A Different Kind of Hero
In perhaps the most charged moment of the movie, the heroine played by Lea Sedoux is told to watch a film of her father talking with Bond who we know will commit suicide. Bond goes berserk. It’s amazing.
The character can keep his cool in the midst of danger a hundred times over and yet here, in a moment in which he knows that deep trauma is going to be enacted upon the women he loves, he does everything in his power to stop her from watching.
“Look at me, look at me!!” he shouts, and she does, turning with tears in her eyes to stare at Bond as he holds her gaze while she listens to her father shooting himself in the head. It is by far the most emotionally complex moment I have ever seen in a Bond movie. So thank you Barbara Broccoli and Michael Wilson for this honest, authentic no holds barred approach to drama. It’s what so many of us have been waiting for.
And of course, who is this woman who captures James heart?
Who do they offer Daniel Craig on his last mission as Bond?
A woman who has killed, who knows how to use a gun, who is a doctor and understands illness. Who asks him when they meet – “Is this the life you always wanted? Always in the shadows? Always looking over your shoulder?”
Bond’s response – “I never stop to think about it,”
To which she offers the perfect transcendent punch.
“What will happen if you do?”
“Stop?” he asks.
“Yes,” she replies.
“I don’t know.”
Did you just get that?
Sure Bond is being invited to relax with her into a more quiet life but underneath this he, like all pure men of action, is having his ultimate weakness pointed out.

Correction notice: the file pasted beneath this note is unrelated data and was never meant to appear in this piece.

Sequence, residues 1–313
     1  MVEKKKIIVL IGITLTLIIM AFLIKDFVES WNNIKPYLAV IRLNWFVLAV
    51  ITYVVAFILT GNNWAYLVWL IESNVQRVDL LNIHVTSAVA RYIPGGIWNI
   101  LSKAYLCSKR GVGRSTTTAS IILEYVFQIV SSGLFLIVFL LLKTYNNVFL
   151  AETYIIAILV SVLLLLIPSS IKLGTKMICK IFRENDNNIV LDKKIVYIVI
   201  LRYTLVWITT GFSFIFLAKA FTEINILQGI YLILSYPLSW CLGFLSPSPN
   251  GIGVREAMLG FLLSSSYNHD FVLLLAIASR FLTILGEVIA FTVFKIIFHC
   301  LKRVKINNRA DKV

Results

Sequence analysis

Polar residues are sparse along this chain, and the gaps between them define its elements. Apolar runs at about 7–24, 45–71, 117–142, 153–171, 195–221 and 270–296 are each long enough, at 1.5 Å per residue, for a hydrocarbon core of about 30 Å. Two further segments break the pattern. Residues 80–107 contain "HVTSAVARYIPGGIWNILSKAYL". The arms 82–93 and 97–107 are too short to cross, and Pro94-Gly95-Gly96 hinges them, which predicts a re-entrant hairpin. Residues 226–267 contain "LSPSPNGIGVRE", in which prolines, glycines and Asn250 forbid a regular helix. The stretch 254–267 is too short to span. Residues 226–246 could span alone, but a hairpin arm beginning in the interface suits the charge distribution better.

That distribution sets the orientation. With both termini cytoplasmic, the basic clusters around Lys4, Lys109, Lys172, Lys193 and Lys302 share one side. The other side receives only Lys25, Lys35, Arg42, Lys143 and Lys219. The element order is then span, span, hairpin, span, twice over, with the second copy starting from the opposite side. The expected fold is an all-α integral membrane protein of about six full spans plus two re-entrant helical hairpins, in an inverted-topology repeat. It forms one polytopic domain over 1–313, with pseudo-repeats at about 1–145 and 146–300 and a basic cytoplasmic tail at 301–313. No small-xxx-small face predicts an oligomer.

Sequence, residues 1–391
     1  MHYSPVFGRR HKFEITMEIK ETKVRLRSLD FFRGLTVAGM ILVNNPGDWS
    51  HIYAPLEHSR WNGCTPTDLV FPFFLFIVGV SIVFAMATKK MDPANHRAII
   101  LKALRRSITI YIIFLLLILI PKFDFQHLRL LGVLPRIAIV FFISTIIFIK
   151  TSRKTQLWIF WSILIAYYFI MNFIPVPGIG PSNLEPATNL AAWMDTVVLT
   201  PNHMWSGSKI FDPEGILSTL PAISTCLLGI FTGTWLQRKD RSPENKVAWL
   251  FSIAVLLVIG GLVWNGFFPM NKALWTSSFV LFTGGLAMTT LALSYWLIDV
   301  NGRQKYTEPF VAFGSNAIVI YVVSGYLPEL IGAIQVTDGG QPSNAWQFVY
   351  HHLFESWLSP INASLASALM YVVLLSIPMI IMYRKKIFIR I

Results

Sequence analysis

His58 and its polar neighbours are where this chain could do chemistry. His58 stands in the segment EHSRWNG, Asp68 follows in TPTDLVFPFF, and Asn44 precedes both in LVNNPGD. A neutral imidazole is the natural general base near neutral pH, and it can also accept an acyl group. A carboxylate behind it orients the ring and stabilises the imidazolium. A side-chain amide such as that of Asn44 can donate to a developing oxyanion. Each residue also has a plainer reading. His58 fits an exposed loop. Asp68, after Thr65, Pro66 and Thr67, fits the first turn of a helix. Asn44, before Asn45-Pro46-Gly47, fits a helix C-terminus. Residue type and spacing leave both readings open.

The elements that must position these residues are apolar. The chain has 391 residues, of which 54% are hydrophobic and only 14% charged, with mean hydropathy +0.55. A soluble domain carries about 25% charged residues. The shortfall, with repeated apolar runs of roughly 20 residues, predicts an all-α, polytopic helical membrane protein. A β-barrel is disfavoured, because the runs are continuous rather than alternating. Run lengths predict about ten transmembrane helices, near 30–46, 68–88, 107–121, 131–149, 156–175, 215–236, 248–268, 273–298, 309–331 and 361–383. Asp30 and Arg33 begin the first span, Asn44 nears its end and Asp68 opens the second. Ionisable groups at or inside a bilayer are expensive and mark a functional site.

The inability to just be.
That’s right, 007 practically just got invited to meditate.
As Sedoux falls asleep talking to Bond she say “I see two you,”and its clear that the script writers weren’t simply trying to give her a meaningless drunken line signifying that she was so hosed she saw double.
The line comes across with such intentional ambiguity that you could be forgiven for seeing it as a conceit for duality and a prod at the possibility of self integration. A statement from the divine feminine peering into the soul of a fractured masculine in the midst of a prophetic reverie. Her words, the words of all conscious women to men today, are the same:
Heal Your Self.
A Challenge To All Those On A Modern Hero Quest
It’s easy to forget that when we watch a Bond movie we’re looking at a reflection of ourselves, particularly as men. Bond, like all hero’s of popular culture is a story of ourselves that we are telling ourselves. The power and longevity of these heros is almost entirely determined by the degree to which they remain resonant with our reality, by the extent to which they accurately reflect where we are in our own evolution. The moment their story is no longer in sync, it fails to connect, and we switch off.
But when it follows us on our journey and changes with the times then we keep returning to it over and over again, as if glancing into the mirror constantly asking who am I now, who am I now?
Today Bond, like so many men has finally begun looking inward. He is finally removing the mask, and beginning what is one of the most courageous journeys facing modern men today – the journey to heal.